Time for Progressives to Fight for the Judiciary They Deserve

03/05/2009 05:12 am ET | Updated May 25, 2011

Change doesn't come easily to the U.S. Senate, and it's likely that President Obama's judicial picks will run into the same tired antics that continually plague the Senate confirmation process. Progressives need to be prepared to fight back against attempts to block qualified candidates for the judiciary. Two previous nominees in particular, Richard Paez and Enrique Moreno, show the perils of relying on fairness and reason alone to guide qualified nominees to confirmation.

President Clinton nominated Richard Paez in early 1996 to a seat on the Ninth Circuit Court of Appeals. Paez was the first Mexican American to sit on the U.S. District Court in Los Angeles, and had an exemplary academic and judicial track record. That didn't matter to Senate Republicans on the Judiciary Committee, who twice let Paez's nomination expire. Both times, President Clinton responded by re-nominating Paez. It took an astonishing 1,506 days before the Senate finally voted to confirm Judge Paez's nomination.

Enrique Moreno wasn't as fortunate. Born to a carpenter and seamstress from Mexico, Moreno attended Harvard Law School and practiced law in El Paso for 21 years. In 1999, President Clinton nominated him to a seat on the Fifth Circuit Court of Appeals that had been vacant for two years. Senate Republicans again refused to vote on Moreno's nomination, this time claiming that, despite 21 years of professional service and endorsements from the American Bar Association and several well-respected Texas law associations, Moreno "lacked experience." Enrique Moreno never even received a hearing, let alone a confirmation vote. The seat was left vacant, and as a result, President Bush was able to nominate Priscilla Owen, an arch-conservative, who was confirmed by the Senate in 2005.

What can we expect for President Obama's nominees? More of the same. Certain members of the Senate will cower behind procedural hurdles to try to stall votes on clearly qualified nominees. Arlen Specter (R-PA), the ranking member of the Senate Judiciary Committee, had previously declared that it would not be "realistic or fair" to hold confirmation hearings for Attorney General nominee Eric Holder before President Obama's inauguration. Pre-inaugural hearings are a Senate tradition that reflect the importance of Cabinet positions like the Attorney General, which is why in 2000, the Senate held similar hearings for President Bush's disastrous Attorney General nominee, John Ashcroft.

So how can we prepare? Progressives should stand ready to condemn the right wing when they inevitably embrace hypocrisy. Back in 2005, Senate Republicans were ready to sacrifice the right to filibuster, one of the Senate's most cherished distinguishing privileges, in order to help them elevate extremist ideologues to the bench. An "up or down" vote became the rallying cry; with voices on the right calling for a swift confirmation hearing and a vote from the full Senate. Any attempt to delay President Obama's nominees should be met first and foremost with a loud and clear denunciation of the right-wing's hypocrisy. Progressives must ensure that President Obama's nominees receive the same fair and balanced treatment demanded by Senate Republicans.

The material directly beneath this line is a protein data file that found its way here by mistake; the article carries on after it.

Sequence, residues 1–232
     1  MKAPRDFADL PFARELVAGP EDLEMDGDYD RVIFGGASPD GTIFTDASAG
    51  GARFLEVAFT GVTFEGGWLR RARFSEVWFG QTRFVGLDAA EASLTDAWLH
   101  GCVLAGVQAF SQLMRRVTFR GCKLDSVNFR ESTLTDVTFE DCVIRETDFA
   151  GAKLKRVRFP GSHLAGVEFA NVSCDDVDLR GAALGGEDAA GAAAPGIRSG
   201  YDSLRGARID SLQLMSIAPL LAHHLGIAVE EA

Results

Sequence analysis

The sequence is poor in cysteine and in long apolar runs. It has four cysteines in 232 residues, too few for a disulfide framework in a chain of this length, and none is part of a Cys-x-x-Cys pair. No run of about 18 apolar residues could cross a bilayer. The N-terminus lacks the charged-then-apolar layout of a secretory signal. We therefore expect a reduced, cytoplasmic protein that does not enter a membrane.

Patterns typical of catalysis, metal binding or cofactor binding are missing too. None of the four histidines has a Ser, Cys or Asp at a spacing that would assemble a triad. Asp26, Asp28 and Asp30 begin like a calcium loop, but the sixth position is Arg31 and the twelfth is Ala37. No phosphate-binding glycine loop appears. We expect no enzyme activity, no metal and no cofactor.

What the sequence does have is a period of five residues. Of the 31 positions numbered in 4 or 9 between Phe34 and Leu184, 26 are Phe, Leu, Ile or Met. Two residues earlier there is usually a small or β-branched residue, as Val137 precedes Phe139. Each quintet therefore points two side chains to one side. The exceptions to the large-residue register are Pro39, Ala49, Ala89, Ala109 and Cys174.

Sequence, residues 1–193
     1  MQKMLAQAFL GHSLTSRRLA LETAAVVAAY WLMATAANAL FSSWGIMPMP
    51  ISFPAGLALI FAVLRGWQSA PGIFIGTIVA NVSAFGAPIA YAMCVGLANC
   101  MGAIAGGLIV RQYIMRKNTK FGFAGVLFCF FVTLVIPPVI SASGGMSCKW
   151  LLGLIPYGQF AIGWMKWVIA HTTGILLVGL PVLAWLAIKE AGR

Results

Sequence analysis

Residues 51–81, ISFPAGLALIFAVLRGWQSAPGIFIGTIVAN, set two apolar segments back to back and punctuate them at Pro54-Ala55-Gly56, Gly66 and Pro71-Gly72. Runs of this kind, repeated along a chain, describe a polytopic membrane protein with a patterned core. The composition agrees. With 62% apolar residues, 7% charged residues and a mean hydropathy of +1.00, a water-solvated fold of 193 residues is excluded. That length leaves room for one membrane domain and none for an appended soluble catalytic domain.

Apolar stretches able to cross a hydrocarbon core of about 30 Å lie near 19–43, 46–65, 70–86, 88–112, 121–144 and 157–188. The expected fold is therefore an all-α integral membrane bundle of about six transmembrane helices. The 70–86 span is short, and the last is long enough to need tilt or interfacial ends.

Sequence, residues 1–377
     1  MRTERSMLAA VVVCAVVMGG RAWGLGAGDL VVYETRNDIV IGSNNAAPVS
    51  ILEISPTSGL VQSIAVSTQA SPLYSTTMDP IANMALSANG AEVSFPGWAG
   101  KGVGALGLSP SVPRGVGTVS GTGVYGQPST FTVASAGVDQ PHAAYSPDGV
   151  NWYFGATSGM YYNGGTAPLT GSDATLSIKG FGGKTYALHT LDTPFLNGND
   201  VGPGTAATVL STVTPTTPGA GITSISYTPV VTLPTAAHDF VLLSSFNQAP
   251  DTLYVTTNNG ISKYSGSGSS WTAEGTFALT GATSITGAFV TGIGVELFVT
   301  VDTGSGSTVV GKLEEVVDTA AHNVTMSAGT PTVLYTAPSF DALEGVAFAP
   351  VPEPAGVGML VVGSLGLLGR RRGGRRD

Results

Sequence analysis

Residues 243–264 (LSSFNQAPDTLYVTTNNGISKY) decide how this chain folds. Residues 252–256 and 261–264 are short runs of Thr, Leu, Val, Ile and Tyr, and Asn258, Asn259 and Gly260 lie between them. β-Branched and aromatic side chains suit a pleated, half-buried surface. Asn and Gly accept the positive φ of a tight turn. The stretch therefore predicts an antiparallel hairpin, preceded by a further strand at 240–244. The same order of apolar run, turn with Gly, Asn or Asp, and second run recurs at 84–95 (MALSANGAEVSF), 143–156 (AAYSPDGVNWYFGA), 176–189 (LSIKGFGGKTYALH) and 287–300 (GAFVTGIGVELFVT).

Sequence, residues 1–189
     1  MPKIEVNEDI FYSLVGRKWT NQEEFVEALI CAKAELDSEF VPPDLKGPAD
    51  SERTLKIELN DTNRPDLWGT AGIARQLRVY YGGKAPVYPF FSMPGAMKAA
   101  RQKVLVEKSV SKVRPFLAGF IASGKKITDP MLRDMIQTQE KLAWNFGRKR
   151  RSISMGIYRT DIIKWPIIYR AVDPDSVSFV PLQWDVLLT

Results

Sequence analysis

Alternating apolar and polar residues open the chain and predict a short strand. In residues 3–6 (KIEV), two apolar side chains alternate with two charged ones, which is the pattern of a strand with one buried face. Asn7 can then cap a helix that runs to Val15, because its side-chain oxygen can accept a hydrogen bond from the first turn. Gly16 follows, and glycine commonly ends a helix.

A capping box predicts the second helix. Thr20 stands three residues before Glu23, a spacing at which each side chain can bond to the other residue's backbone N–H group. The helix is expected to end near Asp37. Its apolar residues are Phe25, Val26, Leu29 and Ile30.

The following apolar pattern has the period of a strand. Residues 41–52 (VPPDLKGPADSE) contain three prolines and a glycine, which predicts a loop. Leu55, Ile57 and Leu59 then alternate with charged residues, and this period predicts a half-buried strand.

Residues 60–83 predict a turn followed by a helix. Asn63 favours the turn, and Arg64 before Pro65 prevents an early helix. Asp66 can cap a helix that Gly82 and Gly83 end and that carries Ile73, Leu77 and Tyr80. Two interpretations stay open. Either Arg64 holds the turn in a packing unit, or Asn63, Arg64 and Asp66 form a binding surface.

Let's face the facts. President Clinton tried to placate Senate Republicans by nominating moderates to judgeships. Progressives responded with ire, but the Senate responded by refusing to hold confirmation hearings. Senator James Inhofe (R-OK) vowed to oppose all Clinton nominees until the President left office. Even as Senate leaders warned that the large number of open judgeships constituted a crisis, between 1998 and 2000, the Judiciary Committee never held more than eleven confirmation hearings in a year. The few Clinton nominees who did earn hearings were twice as likely as those nominated by Presidents Reagan and H.W. Bush to be returned to the White House unconfirmed. By the end of his Administration, 63 Clinton nominees hadn't ever received a Senate confirmation hearing. In stark contrast, by nominating young partisans to the bench, the second President Bush has managed to leave a right-imprint that will last for years.

The last Democratic President did not focus on the judiciary as an agent of change, a mistake for which America is still paying. Republican-nominated judges hold clear majorities on ten of the nation's twelve Circuit Courts. President Bush has consistently appointed younger, partisan judges whose extremist philosophy will stain the judiciary for years. Progressives need to learn from the mistakes of the past, and be prepared to demand the judiciary they want and deserve from the Obama Administration.